Kathryn Embry was enjoying a class trip with her friends at a sports center in Kansas when a group of them decided they wanted to ride the Ferris wheel.
Her fellow classmates were allowed on but 18-year-old Kathryn was stopped from entering the ride – allegedly because of her disabilities, according to the Daily Mail.
Staff claimed the reason was because all those that enjoyed the ride needed to understand the rules, but nobody asked Kathryn if she understood the rules.
Kathryn was visiting Scheels All Sports in Overland Park, Kansas, with her Blue Valley North classmates when the incident happened.
The company is one of the largest sporting goods stores in the U.S. and has been around for 115 years. According to its website the stores include “attractions such as aquariums, arcade games, and our famous Ferris wheel.”
Kathryn was with one of her peers when she tried to get on the ride.
“I tried to go on the Ferris wheel with my buddy, but they said I can’t because I have disabilities,” Kathryn told Fox4KC news station.
Keeps a soccer team ‘in line’
Kathryn has no trouble managing a soccer team at her school and her fellow team mate Emily Kramer told the news station just how amazing her long-time friend is.
“She’s our manager, and she keeps the team in line,” she said.
Her friend Morgan McRuder said the incident made her so mad.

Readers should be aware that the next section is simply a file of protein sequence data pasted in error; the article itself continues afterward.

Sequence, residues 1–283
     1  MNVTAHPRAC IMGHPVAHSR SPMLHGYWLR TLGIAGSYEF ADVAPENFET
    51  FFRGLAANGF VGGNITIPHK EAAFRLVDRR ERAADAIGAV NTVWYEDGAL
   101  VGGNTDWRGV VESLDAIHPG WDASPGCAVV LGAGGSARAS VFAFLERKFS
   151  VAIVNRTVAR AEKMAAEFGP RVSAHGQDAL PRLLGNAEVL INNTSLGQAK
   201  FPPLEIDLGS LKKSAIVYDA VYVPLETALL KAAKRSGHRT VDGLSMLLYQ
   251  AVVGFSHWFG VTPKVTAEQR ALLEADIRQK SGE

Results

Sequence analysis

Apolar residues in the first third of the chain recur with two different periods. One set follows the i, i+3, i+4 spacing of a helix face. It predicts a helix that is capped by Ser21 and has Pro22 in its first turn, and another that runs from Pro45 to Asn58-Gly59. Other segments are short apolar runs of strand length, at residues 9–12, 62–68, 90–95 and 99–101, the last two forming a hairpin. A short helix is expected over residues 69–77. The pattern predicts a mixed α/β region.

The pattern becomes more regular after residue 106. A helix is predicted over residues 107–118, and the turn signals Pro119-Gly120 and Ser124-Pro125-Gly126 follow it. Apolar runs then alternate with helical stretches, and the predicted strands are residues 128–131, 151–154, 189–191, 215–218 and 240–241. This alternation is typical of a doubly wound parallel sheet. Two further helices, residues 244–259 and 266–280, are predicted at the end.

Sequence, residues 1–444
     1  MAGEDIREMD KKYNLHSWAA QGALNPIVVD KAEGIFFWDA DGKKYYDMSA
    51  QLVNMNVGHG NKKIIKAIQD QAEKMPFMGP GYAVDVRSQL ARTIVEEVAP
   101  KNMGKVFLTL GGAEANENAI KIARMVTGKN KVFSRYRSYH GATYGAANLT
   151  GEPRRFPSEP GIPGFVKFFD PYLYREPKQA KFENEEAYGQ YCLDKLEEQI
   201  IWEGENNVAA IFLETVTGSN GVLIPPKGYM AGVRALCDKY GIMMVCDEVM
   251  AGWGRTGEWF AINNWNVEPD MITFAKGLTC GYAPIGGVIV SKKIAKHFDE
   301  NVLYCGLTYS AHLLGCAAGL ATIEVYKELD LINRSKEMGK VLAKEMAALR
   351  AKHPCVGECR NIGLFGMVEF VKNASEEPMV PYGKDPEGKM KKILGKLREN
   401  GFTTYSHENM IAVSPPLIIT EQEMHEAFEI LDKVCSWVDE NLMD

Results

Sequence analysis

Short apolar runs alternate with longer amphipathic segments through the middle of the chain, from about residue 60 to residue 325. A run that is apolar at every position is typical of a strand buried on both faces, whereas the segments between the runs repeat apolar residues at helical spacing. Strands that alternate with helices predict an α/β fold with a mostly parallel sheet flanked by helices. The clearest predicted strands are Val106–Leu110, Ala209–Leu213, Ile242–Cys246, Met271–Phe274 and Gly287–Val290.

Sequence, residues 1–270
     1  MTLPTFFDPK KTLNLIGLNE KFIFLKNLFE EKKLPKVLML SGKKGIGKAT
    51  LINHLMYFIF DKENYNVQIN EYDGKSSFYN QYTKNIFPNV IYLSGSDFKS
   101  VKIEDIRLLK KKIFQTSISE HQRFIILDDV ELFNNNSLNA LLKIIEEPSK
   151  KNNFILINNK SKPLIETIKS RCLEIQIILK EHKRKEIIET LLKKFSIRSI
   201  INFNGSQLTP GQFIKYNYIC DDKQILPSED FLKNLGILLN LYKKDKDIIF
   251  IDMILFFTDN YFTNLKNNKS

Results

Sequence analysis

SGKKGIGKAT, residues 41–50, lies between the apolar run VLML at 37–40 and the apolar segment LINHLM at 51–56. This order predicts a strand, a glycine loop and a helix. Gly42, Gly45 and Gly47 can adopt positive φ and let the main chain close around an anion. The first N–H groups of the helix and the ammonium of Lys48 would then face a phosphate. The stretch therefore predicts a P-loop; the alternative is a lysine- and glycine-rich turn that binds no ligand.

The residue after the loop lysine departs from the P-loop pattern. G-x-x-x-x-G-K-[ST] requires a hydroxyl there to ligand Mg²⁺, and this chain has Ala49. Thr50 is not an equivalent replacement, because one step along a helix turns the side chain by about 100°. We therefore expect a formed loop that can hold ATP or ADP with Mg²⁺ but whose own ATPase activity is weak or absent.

‘She can do anything we can do’
“It made me really upset because I know that Kathryn is an amazing girl,” Morgan told Fox4KC News.
“Just because someone might look different than someone else you shouldn’t assume their capabilities. Kathryn can do anything we can do,” she added.
Kathryn went to scheels in Overland Park, Kansas last week and they would not allow her to ride the Ferris Wheel because “she has a disability”. Please help bring awareness so that ALL people can enjoy the basic amenities at Scheels. #ridethewheel pic.twitter.com/oiSV3G5Vbg
— Emily Kramer (@emilykramerr) April 15, 2019
No one asked her if Kathryn understood the rules
According to students Kathryn’s class is made up of kids with special learning needs and peer students who work with them. They said they usually ride the Ferris wheel in pairs.
Kathryn’s mom Karen contacted the store that evening and said the manager wasn’t aware of the incident “but he could confirm they had a policy that everybody needs to be able to understand and follow the rules.”
The issue is that nobody asked Kathryn if she understood the rules.
“The thing is, Kathryn has Down Syndrome, so you can look at her and see that she has a disability,” Karen said. “But it says nothing about what her capabilities are. She can read the rules. She can follow the rules,” Karen said.
Emily said they had no intention of harming a business that had been so generous in their community, but they wanted to educate people and raise awareness.
Karen said they’d appreciate an apology and a change of policy.
Scheels has yet to respond, according to Fox News.
Kathryn’s school district issued a statement saying: “We are proud that Blue Valley employees have the best interests of our students at heart. We appreciate the efforts of our community partners to keep our kids safe through equitable practices.”
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